Many of Convekta's products are designed for the serious chess player. However, Dinosaur Chess is something different - it starts at the very beginning, and assumes absolutely zero preexisting knowledge of the game. Indeed, it turns out that Convekta is only the distributor for the program, which is produced by a firm called Universis technology. In fact, you can find out much more about Dinosaur Chess at ChessOK and at the Dinosaur Chess Website: www.dinosaurchess.com.
This program is both slickly produced and well designed. Even though I do not have children, I think that the program will be interesting to them on a number of levels. In fact, the program so impressed me that I gave it to a friend of mine who does not play chess. She installed it on her computer, and turned her 4 year old son loose on it (with low expectations). It turns out that her son liked it, and they managed to get through the second lesson in the very first use of the program (40 minutes). She said that the program kept her son's interest - the Scottish accent of the teacher was cool, and that he liked the little explosions that accompanied captures.
The basic premise is that the player starts out as a little dinosaur, and as he/she makes progress through the game, he/she grows stronger. This is represented by a small on screen character - with both male and female representations available. The program operates in one of four modes: Learn, Play, Dino Fight and Progress.
Progress is a fairly simple display of number of pieces captured, dinosaurs defeated, etc. Dino Fight is a fairly simple game that allows the player to “battle’ against a dinosaur opponent. Most of the chess content is contained within the Learn and Play modules, which do pretty much what their names would imply. Learn mode contains a bunch of sequential modules that teach the basics of how the pieces move – how to capture, etc. This mode is the most interesting from a chess perspective. I went through the first few modules, and I think that they are well done. And aside from the chess content, they also have a fair amount of visual and audio gingerbread (but not too much) to keep kids interested. The teaching material is presented like a video, from a gentleman with a strong Scottish accent. Here's a screenshot of the rooks module, showing how the rook moves (this is accompanied by some audio, which I will not present here): You can see the player's mascot/avatar in the lower left hand corner of the screen.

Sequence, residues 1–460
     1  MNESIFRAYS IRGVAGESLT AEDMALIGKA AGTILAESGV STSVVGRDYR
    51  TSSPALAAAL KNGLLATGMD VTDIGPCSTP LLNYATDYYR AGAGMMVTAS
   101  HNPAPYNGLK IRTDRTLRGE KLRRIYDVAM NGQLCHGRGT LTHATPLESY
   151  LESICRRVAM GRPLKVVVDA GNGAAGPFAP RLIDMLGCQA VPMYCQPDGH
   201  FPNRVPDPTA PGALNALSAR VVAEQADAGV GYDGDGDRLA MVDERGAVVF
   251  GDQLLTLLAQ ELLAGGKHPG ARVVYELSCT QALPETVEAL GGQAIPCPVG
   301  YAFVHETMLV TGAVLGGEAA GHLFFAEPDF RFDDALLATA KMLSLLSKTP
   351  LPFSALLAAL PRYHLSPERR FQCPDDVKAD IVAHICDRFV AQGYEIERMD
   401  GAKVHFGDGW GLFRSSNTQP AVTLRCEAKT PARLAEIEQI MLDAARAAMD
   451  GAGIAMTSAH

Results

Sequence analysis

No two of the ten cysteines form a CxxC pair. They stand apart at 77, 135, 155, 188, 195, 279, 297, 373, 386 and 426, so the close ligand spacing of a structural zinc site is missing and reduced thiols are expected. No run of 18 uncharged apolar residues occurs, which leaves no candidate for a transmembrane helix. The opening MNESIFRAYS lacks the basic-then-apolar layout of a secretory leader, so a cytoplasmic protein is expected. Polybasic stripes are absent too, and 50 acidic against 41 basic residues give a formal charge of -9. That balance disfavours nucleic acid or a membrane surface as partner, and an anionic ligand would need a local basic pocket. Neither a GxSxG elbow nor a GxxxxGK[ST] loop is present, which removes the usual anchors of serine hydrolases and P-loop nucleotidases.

A little later in this module, you get the opportunity to play a game that teaches the movement of the rook. While moving your rook, you need to eat the little bows and also avoid being eaten my the little velociraptors that are moving around the screen (the latter looks like a little lizard):
The above should give you an idea of what the program is like. I have not gone through every lesson, but the example that I presented here should be fairly indicative of the way the program imparts chess concepts.
Playing mode allows your child to play against the computer. The strength of the computer opponent is adjusted so that it can be beaten, but still present a challenge to the absolute beginner. Piece handicapping is also done so that your child can play a game against the computer, even before all the lessons have been completed. For instance, in the screenshot below, all one needs to know are how pawns and knights move.
I found Dinosaur Chess to be a real quality piece of software, and it is clear that time, resources and attention were lavished upon it. This program is suitable for parents who know absolutely nothing about chess, but want their children to learn. My admittedly small sample size leads me to believe that this program is a very good choice for those people that are either too busy, or are unable to teach their kids the game. So it gets two big thumbs up from me.
Must supply serial number during install. Trial version available for download here.